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Sierra Leoneans choose among 16 presidential candidates

March 7, 2018
Associated Press

FREETOWN, Sierra Leone (AP) — Sierra Leone's voters are choosing a new president Wednesday from among 16 candidates in a race that has sparked debate over dual nationality and eligibility for the country's highest office.

Front-runners are Samura Kamara, the incumbent's pick as successor, and Julius Maada Bio, the man who was defeated in the 2012 election.

The race most likely will go to a second round later in March as observers say it's unlikely any one candidate will receive 55 percent of the vote.

It marks the fourth time elections have been held since Sierra Leone's brutal civil war ended in 2002. The incumbent, Ernest Bai Koroma, has served two terms and is barred by the constitution from running again.

Kamara, his hand-picked successor, is largely seen as a favorite after emerging from a crowded field of more than two dozen seeking the ruling APC party's nomination. He has served as Sierra Leone's foreign minister, finance minister, as well as governor of the Central Bank of Sierra Leone.

His main challenger is expected to be 53-year old-Julius Maada Bio of the SLPP, a former military leader who received 38 percent of the vote in 2012. Bio ruled Sierra Leone for three months in 1996 after having overthrown his former boss and friend before returning the country to civilian rule.

Some say that divisions within the party over Bio's running mate and some of the parliamentary candidates could affect his chances.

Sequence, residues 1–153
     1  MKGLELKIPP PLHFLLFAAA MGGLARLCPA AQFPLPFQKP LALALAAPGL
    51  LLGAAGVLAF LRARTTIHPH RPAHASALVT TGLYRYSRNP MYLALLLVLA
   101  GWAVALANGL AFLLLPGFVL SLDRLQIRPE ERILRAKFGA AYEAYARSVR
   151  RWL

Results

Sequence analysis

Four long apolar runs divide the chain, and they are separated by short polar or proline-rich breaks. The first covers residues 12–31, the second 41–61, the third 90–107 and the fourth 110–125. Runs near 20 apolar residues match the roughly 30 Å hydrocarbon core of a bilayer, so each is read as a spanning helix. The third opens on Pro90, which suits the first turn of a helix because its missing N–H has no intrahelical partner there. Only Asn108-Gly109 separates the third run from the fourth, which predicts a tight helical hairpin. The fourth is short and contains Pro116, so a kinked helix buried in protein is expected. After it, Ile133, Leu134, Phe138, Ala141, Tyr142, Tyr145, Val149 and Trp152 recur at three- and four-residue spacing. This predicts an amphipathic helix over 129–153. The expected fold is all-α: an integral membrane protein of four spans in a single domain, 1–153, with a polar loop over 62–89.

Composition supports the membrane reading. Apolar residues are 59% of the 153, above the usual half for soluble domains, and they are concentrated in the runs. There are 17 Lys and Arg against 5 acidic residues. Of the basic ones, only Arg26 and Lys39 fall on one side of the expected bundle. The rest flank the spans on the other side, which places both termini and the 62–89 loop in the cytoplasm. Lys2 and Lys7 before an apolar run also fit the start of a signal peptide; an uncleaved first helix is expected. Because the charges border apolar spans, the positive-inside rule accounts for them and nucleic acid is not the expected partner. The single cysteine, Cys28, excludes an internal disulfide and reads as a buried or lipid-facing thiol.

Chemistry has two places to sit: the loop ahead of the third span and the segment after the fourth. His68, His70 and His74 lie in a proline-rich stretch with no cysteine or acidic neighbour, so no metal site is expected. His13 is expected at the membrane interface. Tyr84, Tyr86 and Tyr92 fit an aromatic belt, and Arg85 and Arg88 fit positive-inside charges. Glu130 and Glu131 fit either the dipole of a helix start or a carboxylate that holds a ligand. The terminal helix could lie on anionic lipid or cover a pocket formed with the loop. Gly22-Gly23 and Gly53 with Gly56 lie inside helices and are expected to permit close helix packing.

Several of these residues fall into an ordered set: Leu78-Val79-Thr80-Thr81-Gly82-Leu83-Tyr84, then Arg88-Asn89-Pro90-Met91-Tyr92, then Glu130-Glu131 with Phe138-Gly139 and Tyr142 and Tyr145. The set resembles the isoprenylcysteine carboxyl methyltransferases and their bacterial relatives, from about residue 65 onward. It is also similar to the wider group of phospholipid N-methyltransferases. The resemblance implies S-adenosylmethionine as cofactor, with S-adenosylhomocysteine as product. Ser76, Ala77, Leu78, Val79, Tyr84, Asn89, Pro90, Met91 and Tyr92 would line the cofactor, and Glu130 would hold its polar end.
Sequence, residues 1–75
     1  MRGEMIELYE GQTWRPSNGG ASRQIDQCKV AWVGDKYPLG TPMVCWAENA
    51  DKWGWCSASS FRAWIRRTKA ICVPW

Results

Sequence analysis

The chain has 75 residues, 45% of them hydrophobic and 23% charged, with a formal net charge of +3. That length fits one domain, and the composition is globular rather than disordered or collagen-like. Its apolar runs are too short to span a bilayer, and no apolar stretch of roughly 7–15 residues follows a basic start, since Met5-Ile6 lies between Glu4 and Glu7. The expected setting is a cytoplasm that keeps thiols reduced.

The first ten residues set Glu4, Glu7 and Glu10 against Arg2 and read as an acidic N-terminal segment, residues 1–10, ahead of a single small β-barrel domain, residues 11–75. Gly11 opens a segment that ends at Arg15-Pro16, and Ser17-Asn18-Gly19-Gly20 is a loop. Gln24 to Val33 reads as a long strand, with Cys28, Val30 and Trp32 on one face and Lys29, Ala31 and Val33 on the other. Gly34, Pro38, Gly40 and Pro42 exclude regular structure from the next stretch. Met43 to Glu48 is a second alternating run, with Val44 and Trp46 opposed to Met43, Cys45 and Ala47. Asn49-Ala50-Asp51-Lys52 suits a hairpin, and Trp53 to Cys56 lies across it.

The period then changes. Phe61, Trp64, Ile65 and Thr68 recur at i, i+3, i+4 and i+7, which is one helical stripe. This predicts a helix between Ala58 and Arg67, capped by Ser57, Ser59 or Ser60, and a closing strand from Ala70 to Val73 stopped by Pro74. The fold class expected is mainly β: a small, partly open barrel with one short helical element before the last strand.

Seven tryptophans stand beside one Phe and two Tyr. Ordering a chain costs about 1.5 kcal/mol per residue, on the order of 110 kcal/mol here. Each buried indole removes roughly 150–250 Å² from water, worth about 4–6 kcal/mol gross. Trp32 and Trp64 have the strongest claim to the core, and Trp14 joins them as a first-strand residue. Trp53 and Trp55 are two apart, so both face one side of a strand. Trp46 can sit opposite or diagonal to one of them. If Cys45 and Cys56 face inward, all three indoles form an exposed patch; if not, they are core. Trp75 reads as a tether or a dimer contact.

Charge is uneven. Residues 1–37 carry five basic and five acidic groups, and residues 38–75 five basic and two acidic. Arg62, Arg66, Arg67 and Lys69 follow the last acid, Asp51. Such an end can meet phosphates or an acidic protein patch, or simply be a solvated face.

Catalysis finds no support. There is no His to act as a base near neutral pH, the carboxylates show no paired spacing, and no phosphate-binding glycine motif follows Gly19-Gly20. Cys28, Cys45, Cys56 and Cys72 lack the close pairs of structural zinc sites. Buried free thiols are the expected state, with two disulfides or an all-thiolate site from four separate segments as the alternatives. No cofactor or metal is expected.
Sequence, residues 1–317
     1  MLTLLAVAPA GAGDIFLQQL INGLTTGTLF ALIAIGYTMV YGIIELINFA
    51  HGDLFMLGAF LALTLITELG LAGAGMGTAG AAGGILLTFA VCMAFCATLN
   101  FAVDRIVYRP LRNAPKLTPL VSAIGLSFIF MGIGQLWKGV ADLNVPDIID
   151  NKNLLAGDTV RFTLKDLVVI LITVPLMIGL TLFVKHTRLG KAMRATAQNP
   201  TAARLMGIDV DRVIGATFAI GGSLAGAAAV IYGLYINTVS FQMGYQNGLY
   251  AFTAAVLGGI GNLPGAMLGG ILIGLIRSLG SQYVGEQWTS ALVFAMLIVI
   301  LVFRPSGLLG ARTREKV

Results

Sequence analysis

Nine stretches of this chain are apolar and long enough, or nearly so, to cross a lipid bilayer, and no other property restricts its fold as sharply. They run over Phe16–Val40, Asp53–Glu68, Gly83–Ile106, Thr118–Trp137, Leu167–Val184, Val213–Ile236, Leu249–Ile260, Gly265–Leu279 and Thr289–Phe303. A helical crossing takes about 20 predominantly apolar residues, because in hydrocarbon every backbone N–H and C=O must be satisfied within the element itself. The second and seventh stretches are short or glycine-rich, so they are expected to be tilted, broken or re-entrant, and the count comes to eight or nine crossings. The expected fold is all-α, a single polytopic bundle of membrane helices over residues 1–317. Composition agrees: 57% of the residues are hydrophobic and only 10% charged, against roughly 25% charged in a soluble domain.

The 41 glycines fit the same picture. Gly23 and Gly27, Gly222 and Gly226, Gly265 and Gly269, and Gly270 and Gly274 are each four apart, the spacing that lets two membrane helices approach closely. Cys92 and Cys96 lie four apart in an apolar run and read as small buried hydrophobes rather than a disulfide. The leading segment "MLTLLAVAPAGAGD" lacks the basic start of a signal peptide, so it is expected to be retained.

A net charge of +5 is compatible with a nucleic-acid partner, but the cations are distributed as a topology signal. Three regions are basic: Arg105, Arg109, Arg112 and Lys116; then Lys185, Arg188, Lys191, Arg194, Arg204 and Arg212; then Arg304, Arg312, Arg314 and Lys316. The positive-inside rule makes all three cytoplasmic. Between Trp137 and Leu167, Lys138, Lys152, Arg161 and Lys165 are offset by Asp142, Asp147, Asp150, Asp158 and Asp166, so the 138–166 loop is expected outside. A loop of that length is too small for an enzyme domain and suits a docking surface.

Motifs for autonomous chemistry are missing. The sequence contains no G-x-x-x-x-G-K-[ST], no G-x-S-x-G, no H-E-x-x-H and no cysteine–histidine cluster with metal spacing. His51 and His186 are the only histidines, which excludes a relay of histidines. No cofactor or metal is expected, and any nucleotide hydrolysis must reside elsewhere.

A third candidate who has emerged with a strong following is Kandeh Kolleh Yumkella, a serious contender to break Sierra Leone's two-party hegemony. Although his party was launched only three months ago, he has been able to mobilize a disgruntled base as a result of current economic hardship and austerity.

Yumkella, the former director-general of the United Nations Industrial Development Organization (UNIDO), has been attracting significant crowds especially in Freetown.

In a bid to get him off the ballot, the ruling party has been trying to enforce a previously ignored citizenship provision of the 1991 constitution. The provision purports to bar Sierra Leoneans with dual citizenship from contesting for parliament and therefore the presidency.

The petition maintains that Yumkella also holds American citizenship.

Other plaintiffs led by presidential candidate Charles Francis Margai, are now challenging the ruling party candidate and maintaining he is ineligible for holding dual British-Sierra Leonean nationality.

The cases have been postponed until later in the month after the election.



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